Questions on how to care for an Ebike

Josh

New Member
I have a Ejoe Epik SE on order and I have a couple questions before I ride it. My questions are general electric bike questions.
The Ejoe epik SE has a LED display with a battery indicator that has 4 levels. (empty)(low)(Medium)(Full) Is running an Ebike battery to empty bad for it? If I have it fully charged and take it out for a 1 mile ride, and the fully charged light is still on, should I hold off on charging the battery? Should I always wait till it is medium or low before I charge it?
I have steep hills on my commute. Can it damage the motor if I try to go up a hill that is too steep? What is the tactic to go up steep hills without hurting the motor?

Thank you
 

Llcjay

Member
You bought the bike to enjoy cycling so don't fret about using the entire range

If you can avoid fully discharging to the lvc cutoff, and don't constantly fully charge u less you need to

On hill u should use the least amount of assist you can handle and pedal in the lowest gear. Higher cadence is better for going up hills

Three to four years is about all u Dan expect from the battery
 

Josh

New Member
If I want to ride with no pedal assist or throttle help, can i ride without turning the system on, or should I turn it on and set pedal assist to 0? Why do I hear going down a hill with it off is bad?
 

harryS

Well-Known Member
I believe the EJoe Epic SE uses a geared hub motor. Thess motors freewheel when unpowered, so you can pedal as long as you want, with very little motor resistance. You can also coast downhill w/o pedalling. Also, most of the simpler PAS systems,yours has 3 levels, will cut motor power at a certain speed. So in PAS 1, if you pedal harder than what is needed to maintain the max PAS 1 speed, you're doing most of the work.

With my DIY ebike, with three level PAS and geared hub motor, I often ride it unpowered for more exercise, especially when riding with my wife. She's on her ebike going 12 mph. I can do that w/o power.

In my opinion, one should ride a geared hub motor e-bike like it was a regular bike. Pedal, use the bike's gears, and help the motor out. The motor will run cooler, and its gears will last longer.

I don't charge my battery after a short ride, but will accumulate the ride time in my head. Maybe three or four short rides warrants a charge. I also charge the battery using a timer set at 6 hours max. I don't want to go forget about it. Finally, I will charge no matter what, if I plan to take a long ride the next day.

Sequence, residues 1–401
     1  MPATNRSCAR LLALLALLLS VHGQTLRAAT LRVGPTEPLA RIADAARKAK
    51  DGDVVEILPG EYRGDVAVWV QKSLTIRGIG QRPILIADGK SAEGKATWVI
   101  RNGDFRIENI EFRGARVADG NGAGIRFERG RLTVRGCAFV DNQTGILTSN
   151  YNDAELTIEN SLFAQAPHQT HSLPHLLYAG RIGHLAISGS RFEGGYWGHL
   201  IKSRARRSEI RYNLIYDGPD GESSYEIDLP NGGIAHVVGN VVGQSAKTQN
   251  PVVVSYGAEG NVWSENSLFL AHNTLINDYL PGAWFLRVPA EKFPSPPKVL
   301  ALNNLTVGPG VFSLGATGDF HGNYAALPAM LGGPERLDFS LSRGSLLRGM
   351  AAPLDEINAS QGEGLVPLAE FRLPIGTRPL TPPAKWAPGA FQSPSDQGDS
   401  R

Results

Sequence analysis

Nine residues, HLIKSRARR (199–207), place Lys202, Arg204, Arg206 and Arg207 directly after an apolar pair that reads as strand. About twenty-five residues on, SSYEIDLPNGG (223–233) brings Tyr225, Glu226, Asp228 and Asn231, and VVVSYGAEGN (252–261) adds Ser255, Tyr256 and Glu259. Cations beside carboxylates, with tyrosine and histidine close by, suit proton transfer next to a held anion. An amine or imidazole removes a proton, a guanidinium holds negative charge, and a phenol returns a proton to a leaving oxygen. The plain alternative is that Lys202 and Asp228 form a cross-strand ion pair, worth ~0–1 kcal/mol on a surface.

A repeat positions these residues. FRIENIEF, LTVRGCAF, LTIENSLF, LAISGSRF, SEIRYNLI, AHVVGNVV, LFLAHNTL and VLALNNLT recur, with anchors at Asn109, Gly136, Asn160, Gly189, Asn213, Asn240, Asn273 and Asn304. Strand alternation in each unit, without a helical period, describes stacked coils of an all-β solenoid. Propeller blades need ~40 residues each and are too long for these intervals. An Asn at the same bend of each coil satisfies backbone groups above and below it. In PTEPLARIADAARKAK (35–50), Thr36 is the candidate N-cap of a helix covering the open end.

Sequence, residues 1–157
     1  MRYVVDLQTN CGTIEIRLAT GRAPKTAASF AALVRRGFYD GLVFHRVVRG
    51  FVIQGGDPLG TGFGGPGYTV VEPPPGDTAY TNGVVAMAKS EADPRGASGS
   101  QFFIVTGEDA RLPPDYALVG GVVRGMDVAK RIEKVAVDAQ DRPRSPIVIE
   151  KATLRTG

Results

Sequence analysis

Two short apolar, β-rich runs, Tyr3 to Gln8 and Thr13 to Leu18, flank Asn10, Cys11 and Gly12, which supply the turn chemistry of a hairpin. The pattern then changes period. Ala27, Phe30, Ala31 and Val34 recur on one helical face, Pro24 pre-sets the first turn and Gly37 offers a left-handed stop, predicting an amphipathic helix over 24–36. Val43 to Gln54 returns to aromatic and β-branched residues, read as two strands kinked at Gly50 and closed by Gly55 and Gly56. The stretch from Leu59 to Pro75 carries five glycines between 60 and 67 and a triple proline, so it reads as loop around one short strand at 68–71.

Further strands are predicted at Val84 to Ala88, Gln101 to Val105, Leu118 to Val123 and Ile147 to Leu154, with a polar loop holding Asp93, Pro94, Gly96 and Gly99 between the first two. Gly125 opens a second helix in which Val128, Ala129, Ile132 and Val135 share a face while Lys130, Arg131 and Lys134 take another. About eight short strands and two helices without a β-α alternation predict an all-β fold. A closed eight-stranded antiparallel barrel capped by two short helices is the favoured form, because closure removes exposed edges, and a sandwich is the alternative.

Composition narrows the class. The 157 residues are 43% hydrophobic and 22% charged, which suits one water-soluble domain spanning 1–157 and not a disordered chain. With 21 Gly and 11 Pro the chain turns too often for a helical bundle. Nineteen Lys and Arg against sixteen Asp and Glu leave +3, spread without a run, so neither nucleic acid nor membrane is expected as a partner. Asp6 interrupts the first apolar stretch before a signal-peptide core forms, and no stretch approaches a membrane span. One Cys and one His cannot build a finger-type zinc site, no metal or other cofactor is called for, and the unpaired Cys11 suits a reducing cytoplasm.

wren

Member
I have a Ejoe Epik SE on order and I have a couple questions before I ride it. My questions are general electric bike questions.
The Ejoe epik SE has a LED display with a battery indicator that has 4 levels. (empty)(low)(Medium)(Full) Is running an Ebike battery to empty bad for it? If I have it fully charged and take it out for a 1 mile ride, and the fully charged light is still on, should I hold off on charging the battery? Should I always wait till it is medium or low before I charge it?
I have steep hills on my commute. Can it damage the motor if I try to go up a hill that is too steep? What is the tactic to go up steep hills without hurting the motor?

Thank you
Answers (my opinion only)

1. Yes, running battery all the way out is damaging but the management system probably will prevent you from doing that. Good idea not to run it out anyway though.

2. Yes, probably no reason to top it off after a short ride like one of one mile.

3. For ideal, practical, long life of the battery you probably would run it down to about 20%, then recharge. But you have to balance this with common sense, depending on how far you're going to ride next time. As mentioned before, the battery management system will keep you from the worst abuses, probably.

4 & 5. Once again, this system will probably shut down before you damage it, but it's better to be proactive and pedal along on a steep hill to help the motor out.

And here's an answer to a question you didn't ask. Get yourself a good set of flat resistant tires like some made by Schwalbe. Flats are no fun with a hub motor.